Showing Borzoi in Conformation

Borzoi are entered in conformation shows by their owners for many purposes: to receive evaluations from licensed judges, to compete for an American Kennel Club championship, to improve the breed by comparing entered animals to the written Standard as potential breeding stock, and to present our best representatives of the breed to an interested public.

The Dog Sport

Each year there are thousands of competitive events for dogs held under the rules of the America Kennel Club. There are dog shows and performance events (obedience and rally obedience trials, lure coursing trials, tracking tests, and agility trials). Within each category there are formal licensed events ("point shows" at which championship points or credit toward performance titles may be earned) and informal events ("match shows" or "matches" at which no points or credit towards titles are earned, but at which dogs and owners gain experience and confidence). There are also events sanctioned by non-AKC organizations, such as the Large Gazehound Racing Association or the American Sighthound Field Association lure coursing trials. These and other activities for you and your Borzoi are the subject of other Borzoi Club of America pamphlets.

Dog Shows

Examining a Borzoi in Conformation

At dog shows held under America Kennel Club rules, conformation is stressed. Judges licensed by the America Kennel Club examine the entered Borzoi and place them in order according to how close, in the judge's opinion, the dog conforms to the ideal as described in the Borzoi Club of America's standard for the breed, as currently accepted by the America Kennel Club. Each dog is judged on physical structure, appearance, condition, gait (as seen from the front, side and rear) and temperament. (The Borzoi standard is shown on the Borzoi Standard page of this site, or the AKC Web Site, or in The Complete Dog Book, published by the American Kennel Club, 5580 Centerview Drive, Raleigh NC 27606-3390.)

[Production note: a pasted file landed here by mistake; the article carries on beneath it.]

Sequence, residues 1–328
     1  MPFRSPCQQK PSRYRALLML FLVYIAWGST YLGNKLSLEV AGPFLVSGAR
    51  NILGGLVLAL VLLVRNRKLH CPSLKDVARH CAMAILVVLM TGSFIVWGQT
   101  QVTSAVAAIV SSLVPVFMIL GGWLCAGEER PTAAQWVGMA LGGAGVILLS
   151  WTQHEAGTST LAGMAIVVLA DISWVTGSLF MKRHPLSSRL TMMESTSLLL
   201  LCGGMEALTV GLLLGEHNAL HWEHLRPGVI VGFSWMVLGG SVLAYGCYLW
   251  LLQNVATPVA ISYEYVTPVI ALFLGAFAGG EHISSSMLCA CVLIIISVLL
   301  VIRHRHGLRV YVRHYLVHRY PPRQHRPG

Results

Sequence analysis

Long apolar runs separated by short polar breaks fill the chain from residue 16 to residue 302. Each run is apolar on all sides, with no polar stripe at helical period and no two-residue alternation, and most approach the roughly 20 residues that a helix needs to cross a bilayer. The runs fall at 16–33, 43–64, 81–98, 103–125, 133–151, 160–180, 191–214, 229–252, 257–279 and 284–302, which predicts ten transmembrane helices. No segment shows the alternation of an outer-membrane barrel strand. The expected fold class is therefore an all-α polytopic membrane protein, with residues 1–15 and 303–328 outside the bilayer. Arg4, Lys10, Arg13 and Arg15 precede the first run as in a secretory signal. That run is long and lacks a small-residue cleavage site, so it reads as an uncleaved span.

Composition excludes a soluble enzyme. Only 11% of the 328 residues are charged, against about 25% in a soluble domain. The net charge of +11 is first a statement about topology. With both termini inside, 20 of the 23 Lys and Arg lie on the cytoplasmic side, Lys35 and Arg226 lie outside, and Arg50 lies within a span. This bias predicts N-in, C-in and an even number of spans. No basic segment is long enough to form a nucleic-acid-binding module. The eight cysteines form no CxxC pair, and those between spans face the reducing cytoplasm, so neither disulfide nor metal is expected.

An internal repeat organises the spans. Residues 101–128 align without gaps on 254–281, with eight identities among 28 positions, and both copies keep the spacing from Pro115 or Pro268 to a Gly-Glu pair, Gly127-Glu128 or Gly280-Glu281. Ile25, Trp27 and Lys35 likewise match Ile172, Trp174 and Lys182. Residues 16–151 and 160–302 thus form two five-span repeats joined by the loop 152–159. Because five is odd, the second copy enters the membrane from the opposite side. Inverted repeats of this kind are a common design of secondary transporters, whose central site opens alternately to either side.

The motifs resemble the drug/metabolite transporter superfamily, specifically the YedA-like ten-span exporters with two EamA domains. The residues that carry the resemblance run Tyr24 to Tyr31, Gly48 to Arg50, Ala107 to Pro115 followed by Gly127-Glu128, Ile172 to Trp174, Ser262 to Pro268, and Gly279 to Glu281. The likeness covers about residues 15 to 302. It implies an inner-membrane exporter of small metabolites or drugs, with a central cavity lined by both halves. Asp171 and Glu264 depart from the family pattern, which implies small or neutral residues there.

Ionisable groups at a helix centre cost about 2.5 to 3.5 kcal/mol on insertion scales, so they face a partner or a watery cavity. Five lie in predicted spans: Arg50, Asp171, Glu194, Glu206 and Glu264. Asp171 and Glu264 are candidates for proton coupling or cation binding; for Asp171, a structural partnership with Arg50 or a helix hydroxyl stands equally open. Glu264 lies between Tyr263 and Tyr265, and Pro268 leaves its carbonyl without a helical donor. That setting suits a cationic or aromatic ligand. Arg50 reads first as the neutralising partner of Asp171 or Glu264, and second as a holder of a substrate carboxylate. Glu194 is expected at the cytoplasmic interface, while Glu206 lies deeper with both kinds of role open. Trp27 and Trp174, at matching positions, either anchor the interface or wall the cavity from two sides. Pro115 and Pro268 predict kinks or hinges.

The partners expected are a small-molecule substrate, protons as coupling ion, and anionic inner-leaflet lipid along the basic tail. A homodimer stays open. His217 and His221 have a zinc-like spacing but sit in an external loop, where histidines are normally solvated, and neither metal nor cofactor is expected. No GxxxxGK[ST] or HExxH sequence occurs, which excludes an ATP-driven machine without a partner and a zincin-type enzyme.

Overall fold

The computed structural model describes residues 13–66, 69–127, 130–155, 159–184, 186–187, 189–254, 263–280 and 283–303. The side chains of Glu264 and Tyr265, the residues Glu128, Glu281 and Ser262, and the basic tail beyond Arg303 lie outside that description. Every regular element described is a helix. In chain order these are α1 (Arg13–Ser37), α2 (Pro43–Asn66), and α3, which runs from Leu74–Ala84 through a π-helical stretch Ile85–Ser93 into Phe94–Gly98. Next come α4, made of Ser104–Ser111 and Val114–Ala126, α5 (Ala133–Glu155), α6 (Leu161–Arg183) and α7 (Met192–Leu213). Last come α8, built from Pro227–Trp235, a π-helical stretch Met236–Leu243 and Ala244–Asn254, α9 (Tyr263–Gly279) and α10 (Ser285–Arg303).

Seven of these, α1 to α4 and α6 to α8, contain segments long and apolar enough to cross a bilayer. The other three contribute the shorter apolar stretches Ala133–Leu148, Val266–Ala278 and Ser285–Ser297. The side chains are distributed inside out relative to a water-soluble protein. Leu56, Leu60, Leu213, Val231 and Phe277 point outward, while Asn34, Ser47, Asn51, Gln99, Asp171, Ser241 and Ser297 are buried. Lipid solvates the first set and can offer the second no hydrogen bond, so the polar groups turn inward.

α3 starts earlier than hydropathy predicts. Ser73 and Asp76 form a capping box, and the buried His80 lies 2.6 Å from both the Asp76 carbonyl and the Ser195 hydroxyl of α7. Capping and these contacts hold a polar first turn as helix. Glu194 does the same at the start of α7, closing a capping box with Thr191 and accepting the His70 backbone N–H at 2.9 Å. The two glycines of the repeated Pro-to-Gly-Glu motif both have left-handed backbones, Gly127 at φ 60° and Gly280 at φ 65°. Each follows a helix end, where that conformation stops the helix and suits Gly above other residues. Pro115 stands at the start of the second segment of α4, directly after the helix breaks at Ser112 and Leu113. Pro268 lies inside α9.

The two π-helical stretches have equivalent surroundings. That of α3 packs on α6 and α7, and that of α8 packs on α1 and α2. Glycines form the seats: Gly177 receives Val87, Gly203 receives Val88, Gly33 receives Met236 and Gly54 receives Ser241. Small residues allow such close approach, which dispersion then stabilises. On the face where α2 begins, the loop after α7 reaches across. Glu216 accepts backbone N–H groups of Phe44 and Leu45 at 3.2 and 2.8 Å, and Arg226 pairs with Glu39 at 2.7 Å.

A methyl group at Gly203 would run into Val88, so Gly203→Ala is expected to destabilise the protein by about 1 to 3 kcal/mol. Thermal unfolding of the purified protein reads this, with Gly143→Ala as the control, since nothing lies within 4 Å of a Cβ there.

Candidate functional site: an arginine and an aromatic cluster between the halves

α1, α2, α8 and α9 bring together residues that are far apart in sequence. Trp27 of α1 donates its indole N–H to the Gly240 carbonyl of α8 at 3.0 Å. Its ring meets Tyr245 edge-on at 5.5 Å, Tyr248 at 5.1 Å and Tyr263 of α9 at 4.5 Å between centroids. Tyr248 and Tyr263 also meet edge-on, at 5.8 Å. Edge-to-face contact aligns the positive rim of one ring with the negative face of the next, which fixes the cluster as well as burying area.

There are two types of conformation shows; specialty shows put on by individual breed clubs (such as the Borzoi Club of America and other local or regional Borzoi clubs) and all-breed shows held by all-breed clubs (examples being the numerous local kennel clubs).

Judging at a conformation show is a process of elimination that ultimately results in one dog being selected as Best of Breed. At an all-breed show, further eliminations result in one dog being selected Best In Show.

Dogs entered in competition at conformation shows are competing for points toward their conformation championship. To become an official American Kennel Club conformation champion a dog must earn 15 points. Points are based upon the number of dogs in actual competition - the more dogs, the more points, up to a maximum of five points at any one show. The number of dogs required for points varies with its sex and the geographical location of the show, according to a schedule annually set up by the America Kennel Club to help equalize competition from area to area. For example, a large number of Borzoi entries in one area of the country will result in more dogs being required for points in that region. See the AKC's Conformation Point Schedule.

A dog can earn up to five points at a show. Single wins of three, four or five points are termed "majors." The 15 points required for an American Kennel Club conformation championship must be won under at least three different judges and must include a minimum of two majors won under different judges. There are seven regular classes in which dogs seeking points compete (dogs competing for points are frequently referred to as "class dogs" or "class bitches" while dogs already champions compete only in Best of Breed competition and are referred to as "specials," either dog or bitch). These classes are: